97-100/100 Andrew Caillard MW. Medium deep colour. Intense redcurrant/ plummy aromas with plenty of savoury nuances. Rich expressive wine with sweet redcurrant/ plum flavours and plentiful/ gravel tannins. Finishes inky and chocolaty.
92-94/100 Robert Parker Jr. This tiny jewel of a property has produced a beautifully rich 2011 Lafleur from a blend of 53% Cabernet Franc and 47% Merlot. The Merlot was picked between August 31 and September 12, and the Cabernet Franc between September 22-23. The 2011 reveals a floral-scented bouquet with notions of kirsch, licorice and black raspberries. It is medium to full-bodied with terrific fruit purity, good minerality and slightly more acidity and freshness than are found in such ripe vintages as 2009 and 2010. At present, the Guinandeau family, the owners, are using between 50-60% new oak in an attempt to emphasize their great terroir and the extraordinary fruit quality they achieve from both the old vine Cabernet Franc and Merlot. This cuvee possesses some serious tannin and will undoubtedly need 5-6 years of cellaring after its release, but it should be one of the longer-lived wines of the vintage, lasting 25+ years.
18/20 Julia Harding MW, Jancis Robinson. A little note of mint here too, from the Merlot, but there's also a dark-fruited sweetness and a note of red cherry, small berries, and a hint of something floral. Fragrant. And a dusty minerality. Utterly fresh, so fleeting, it seems, on the palate but then it goes on and on. Starts dry and grows softer on the finish. There's a dark but lightweight minerality. So, so long.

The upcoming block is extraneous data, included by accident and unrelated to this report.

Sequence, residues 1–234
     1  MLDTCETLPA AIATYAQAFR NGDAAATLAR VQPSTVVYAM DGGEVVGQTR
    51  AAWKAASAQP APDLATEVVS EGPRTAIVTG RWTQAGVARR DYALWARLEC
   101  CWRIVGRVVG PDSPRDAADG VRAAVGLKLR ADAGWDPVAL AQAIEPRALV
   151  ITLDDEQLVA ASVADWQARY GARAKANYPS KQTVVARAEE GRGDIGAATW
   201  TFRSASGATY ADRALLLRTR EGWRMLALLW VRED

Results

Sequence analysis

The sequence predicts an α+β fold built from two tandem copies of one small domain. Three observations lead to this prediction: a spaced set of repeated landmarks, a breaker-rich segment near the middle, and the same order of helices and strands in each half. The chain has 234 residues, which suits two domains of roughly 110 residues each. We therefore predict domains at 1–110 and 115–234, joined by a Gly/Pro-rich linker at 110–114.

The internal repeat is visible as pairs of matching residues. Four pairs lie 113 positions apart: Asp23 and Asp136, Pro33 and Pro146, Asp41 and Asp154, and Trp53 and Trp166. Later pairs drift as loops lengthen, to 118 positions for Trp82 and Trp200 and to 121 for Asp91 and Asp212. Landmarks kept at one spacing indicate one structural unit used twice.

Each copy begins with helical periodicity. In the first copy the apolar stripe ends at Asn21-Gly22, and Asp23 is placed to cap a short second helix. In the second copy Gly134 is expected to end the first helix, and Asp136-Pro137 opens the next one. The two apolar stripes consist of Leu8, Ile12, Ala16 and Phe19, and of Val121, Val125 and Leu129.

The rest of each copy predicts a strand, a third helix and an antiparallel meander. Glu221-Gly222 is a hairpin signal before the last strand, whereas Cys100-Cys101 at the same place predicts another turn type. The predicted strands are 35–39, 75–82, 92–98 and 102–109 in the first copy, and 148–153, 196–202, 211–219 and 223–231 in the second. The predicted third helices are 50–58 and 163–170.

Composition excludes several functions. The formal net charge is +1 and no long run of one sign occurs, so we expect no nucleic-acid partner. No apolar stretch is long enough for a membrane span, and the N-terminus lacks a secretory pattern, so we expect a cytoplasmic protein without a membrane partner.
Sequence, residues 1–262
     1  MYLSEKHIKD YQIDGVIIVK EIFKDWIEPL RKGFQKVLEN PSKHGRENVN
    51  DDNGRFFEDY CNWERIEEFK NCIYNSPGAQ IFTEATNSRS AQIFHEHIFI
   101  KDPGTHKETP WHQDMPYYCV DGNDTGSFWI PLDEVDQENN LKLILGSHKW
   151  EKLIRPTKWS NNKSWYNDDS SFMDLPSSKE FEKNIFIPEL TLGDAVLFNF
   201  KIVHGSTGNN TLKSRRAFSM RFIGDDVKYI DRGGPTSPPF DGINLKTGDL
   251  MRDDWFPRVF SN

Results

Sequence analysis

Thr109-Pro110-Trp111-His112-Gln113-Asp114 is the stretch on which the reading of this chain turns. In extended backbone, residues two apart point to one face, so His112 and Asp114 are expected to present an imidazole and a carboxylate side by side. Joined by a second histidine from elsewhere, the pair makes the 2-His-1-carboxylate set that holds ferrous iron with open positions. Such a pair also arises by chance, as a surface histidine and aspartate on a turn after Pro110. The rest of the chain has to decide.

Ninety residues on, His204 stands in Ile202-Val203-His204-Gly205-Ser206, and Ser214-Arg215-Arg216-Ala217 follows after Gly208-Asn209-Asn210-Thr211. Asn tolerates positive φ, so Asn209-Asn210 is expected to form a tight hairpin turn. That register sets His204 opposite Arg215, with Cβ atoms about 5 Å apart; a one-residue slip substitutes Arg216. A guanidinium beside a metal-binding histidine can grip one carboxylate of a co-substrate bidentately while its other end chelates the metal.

Pomerol, on the Right Bank of Bordeaux’s Gironde River, produces some of the world’s most sought-after wines, including those from such storied properties as Chateau Petrus. Yet Pomerol, the smallest of the fine-wine-producing districts of Bordeaux, offers no Grand Cru or Premier Cru wines: It’s the most significant Bordeaux appellation not included in any quality ranking. At the time of the historic 1855 Classification of Bordeaux, Right Bank chateaux were considered remote and difficult to travel to, and so were ignored by the merchants who created the classification. (St. Émilion, a notable neighbour on the Right Bank, created its own classification system in 1954.)
Pomerol has managed to do quite well without this form of validation. Pomerol’s predominantly clay soil is ideally suited for Merlot, the primary grape used in the appellation. Cabernet Franc and Cabernet Sauvignon are also included in Pomerol’s blended red wines. The wines of Pomerol are lush and rich, and generally not as tannic as the Cabernet-based wines of Bordeaux’s Left Bank. Although Pomerol’s very best wines are capable of aging for decades, most are made for immediate consumption. These Merlot-based wines are known for their lush texture, elegance and grace, as well as the softer tannins they offer in comparison to the Cabernet Sauvignon-based wines made elsewhere in Bordeaux.